Becoming a Soldier

Deployment to England

Segment stub for 11236

Segment stub for 11237

German Guards and POWs Bonding

Liberation and Homecoming


Meeting His Wife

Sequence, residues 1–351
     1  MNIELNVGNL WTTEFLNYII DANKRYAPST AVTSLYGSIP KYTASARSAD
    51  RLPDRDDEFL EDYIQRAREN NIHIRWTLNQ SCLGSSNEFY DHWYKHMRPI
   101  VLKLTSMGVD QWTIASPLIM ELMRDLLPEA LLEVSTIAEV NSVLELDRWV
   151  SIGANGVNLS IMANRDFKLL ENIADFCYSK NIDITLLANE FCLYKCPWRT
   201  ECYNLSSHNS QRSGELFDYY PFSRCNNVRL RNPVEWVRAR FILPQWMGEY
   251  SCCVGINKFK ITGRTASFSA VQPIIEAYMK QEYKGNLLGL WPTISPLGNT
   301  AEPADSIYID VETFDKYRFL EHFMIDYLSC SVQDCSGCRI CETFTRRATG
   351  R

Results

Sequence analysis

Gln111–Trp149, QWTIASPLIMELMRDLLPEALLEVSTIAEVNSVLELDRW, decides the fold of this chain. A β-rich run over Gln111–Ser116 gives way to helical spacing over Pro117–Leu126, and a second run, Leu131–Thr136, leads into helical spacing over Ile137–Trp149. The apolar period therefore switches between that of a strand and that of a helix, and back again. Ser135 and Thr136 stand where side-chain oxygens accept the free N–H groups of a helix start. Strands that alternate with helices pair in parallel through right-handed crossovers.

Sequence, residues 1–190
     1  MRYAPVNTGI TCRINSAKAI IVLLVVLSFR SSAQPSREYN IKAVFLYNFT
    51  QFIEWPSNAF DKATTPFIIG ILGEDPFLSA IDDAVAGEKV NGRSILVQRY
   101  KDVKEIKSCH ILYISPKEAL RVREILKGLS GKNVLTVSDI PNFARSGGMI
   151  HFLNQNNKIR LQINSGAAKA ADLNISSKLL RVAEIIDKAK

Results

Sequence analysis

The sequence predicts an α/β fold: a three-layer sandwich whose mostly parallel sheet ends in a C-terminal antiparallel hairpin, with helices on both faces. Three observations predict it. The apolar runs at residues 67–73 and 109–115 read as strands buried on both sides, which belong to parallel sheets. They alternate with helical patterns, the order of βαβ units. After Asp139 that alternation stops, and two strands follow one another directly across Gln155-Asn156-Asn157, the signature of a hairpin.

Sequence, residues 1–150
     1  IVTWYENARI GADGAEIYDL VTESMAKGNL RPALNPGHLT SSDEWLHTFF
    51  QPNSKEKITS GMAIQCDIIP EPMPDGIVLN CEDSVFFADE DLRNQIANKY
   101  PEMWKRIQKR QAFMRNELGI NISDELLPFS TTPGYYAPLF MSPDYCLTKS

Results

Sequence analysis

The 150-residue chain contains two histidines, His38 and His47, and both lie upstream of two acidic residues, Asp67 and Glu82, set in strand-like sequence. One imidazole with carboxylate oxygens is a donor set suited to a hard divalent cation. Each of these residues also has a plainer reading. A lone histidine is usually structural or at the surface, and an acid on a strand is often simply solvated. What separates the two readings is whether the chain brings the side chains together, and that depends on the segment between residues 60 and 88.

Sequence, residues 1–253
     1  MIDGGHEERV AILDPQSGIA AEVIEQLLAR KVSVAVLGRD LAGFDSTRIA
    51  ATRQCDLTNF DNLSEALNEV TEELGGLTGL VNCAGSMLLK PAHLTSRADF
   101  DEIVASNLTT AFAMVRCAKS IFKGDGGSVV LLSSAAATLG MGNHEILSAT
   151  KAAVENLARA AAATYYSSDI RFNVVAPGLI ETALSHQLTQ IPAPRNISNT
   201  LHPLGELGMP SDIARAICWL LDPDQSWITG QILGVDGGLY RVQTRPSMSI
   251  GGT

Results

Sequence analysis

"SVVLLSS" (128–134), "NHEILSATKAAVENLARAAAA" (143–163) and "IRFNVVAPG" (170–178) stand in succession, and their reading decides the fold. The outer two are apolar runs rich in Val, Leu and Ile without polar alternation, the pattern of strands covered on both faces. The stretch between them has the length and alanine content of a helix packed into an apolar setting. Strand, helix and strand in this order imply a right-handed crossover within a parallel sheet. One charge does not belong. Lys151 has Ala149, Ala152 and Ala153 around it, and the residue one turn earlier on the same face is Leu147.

Francis J. Cook was born in August 1924 and grew up in Elkins Park, Pennsylvania. His father was a barber and Cook became a licensed barber at 17 while he was still in high school. He worked in the barber shop after school. He went to Abington High School in Abington, Pennsylvania. Growing up in the Depression, the highest value on the shop cash register was one dollar. Gasoline was 20 cents per gallon. The family home had a three car garage but they never had a car. Food was not to be wasted. Dinner today was lunch tomorrow. Cook was 17 when Pearl Harbor was attacked. He was drafted in March 1943. He was working during the day in a steel mill and in the afternoon in the barber shop. He worked seven days a week. The money he made from work was given to his father to go toward paying the mortgage off. Cook entered service at Fort Jackson, South Carolina. He was one of the original members of the 106th Infantry Division when it was formed. He was 18 years old at the time. The first sergeant was from the old Army. He would have the new troops force march with full field pack in extreme heat. He pushed them hard. The division also went to Chattanooga, Tennessee for maneuvers. From Tennessee, the 106th went to Camp Atterbury, Indiana where the division remained until going overseas. Cook was assigned to the 106th after basic training. In basic training, troops got into good physical shape, partly because it was extremely hot in South Carolina. The heat and humidity made a big impression on Cook. He spent time on maneuvers, the rifle range and basic training at Camp Atterbury in late 1943 or early 1944. From Camp Atterbury, Cook went to Camp Myles Standish for overseas transport to Europe. He was assigned to a heavy weapons company, Company H, 2nd Battalion, 422nd Infantry Regiment. His company had .30 caliber water cooled machine guns and 81mm mortars. Cook was a staff sergeant. The Chattanooga maneuvers were tough because they were in the mountains. He learned about swimming at that time with full field pack, including an extra pair of shoes. Some guys tried using an empty can instead of the shoes, but the shoes were checked and KP [Annotator's Note: kitchen police or kitchen patrol] was the result if they were not in the pack. He did not have that problem because he was a staff sergeant. He moved up in rank quickly because the 106th was being formed up. He got a furlough at Christmas 1943 and went home and surprised his family. While the 106th was in training, they were losing individuals early to fill gaps in other outfits. Unit cohesion was suffering. This was the time of the ramp up for the invasion [Annotator's Note: the D-Day invasion of Normandy on 6 June 1944]. The ASTP [Annotator's Note: Army Specialized Training Program] supplied many of the new replacements for those transferred out of the 106th. The ASTP individuals had trouble adjusting to carrying a rifle and marching on long hikes. Cook personally carried an M1 Garand rifle. He knew it weighed exactly nine pounds as a result of the long marches. At Camp Atterbury, he knew he would be going to Europe at sometime. He just did not know when. Knowing what happened to prisoners in Japan, he is glad he went to Europe. Diseases like malaria were particularly bad in the Pacific. Cook deployed to Europe in September 1944. Prior to the deployment, he heard about the Normandy invasion while he was in Indiana and felt like they would be headed that way shortly.